The genes that control many aspects of cellular function are contained on chromosomes in the cell nucleus. If these genes or the chromosomes that carry them become damaged, many aspects of cell function can be altered. Gene and chromosome changes can cause birth defects, accumulate during aging, are found in nearly every cancer, and are thought to have many adverse effects on health. This proposal hypothesizes that a set of 80 genes, dispersed around the various chromosomes, are exploited to recognize cells with large-scale genetic changes and eliminate them before they affect health. These genes encode ribosomal proteins, each one of which assembles into a unique position in the ribosome, so that ribosome assembly is affected if any are limiting. Studies in the fruitfly Drosophila document a regulatory pathway that is activated by ribosomal protein gene imbalance and that leads to cell elimination by cell competition with nearby normal cells. One goal of this proposal is to verify that ribosomal protein genes, and the regulatory genes that respond to their imbalance, are able to target cells with genetic damage for competitive elimination, and to define the range of genome damage that is subject to this regulatory mechanism in somatic tissues. A second goal is to assess the role of cell competition in protecting the germline from aneuploid genetic changes that might lead to birth defects. These studies make use of targeted genetic recombination methods using fruitfly chromosomes. These studies will establish the importance and scope of a newly-recognized mechanism that can remove cells with large-scale genetic damage, and which may play an important role in the prevention of birth defects and of cancer, as well as in healthy aging and prevention of age-related diseases.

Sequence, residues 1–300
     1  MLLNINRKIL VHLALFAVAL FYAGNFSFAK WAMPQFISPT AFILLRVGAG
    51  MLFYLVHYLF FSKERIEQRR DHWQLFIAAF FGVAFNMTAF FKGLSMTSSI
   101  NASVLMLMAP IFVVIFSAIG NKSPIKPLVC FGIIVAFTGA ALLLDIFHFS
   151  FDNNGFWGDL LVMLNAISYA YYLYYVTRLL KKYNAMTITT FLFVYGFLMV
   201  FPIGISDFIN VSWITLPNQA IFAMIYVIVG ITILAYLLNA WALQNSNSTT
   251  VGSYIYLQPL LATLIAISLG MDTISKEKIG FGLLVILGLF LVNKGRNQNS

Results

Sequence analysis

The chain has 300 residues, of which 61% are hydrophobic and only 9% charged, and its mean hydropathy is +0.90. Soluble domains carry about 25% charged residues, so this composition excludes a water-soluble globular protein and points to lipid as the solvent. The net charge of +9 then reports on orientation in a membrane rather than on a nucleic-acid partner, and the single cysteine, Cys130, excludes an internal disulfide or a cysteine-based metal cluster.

Public Health Relevance

Aging, cancer and birth defects are all associated with large-scale genetic changes to the body?s cells. This project assesses the contribution of a cell competition process to the recognition and eliminated of altered cells by more normal cells. The goal is to help define how the impacts of deleterious genetic change on reproduction and aging are minimized.

National Institute of Health (NIH)
National Institute of General Medical Sciences (NIGMS)
Research Project (R01)
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Cellular Mechanisms in Aging and Development Study Section (CMAD)
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Phillips, Andre W
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Albert Einstein College of Medicine
United States
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Kale, Abhijit; Ji, Zhejun; Kiparaki, Marianthi et al. (2018) Ribosomal Protein S12e Has a Distinct Function in Cell Competition. Dev Cell 44:42-55.e4
Kale, Abhijit; Baker, Nicholas E (2018) Tumor evolution: Multiple induction mechanisms for cell competition. Mol Cell Oncol 5:e1481812
Baker, Nicholas E (2017) Mechanisms of cell competition emerging from Drosophila studies. Curr Opin Cell Biol 48:40-46
Baker, Nicholas E; Kale, Abhijit (2016) Mutations in ribosomal proteins: Apoptosis, cell competition, and cancer. Mol Cell Oncol 3:e1029065
Kale, Abhijit; Rimesso, Gerard; Baker, Nicholas E (2016) Local Cell Death Changes the Orientation of Cell Division in the Developing Drosophila Wing Imaginal Disc Without Using Fat or Dachsous as Orienting Signals. PLoS One 11:e0167637
Lee, Chang-Hyun; Rimesso, Gerard; Reynolds, David M et al. (2016) Whole-Genome Sequencing and iPLEX MassARRAY Genotyping Map an EMS-Induced Mutation Affecting Cell Competition in Drosophila melanogaster. G3 (Bethesda) 6:3207-3217
Fullard, John F; Baker, Nicholas E (2015) Signaling by the engulfment receptor draper: a screen in Drosophila melanogaster implicates cytoskeletal regulators, Jun N-terminal Kinase, and Yorkie. Genetics 199:117-34
Kale, A; Li, W; Lee, C-H et al. (2015) Apoptotic mechanisms during competition of ribosomal protein mutant cells: roles of the initiator caspases Dronc and Dream/Strica. Cell Death Differ 22:1300-12
Baker, Nicholas E; Jenny, Andreas (2014) Metabolism and the other fat: a protocadherin in mitochondria. Cell 158:1240-1241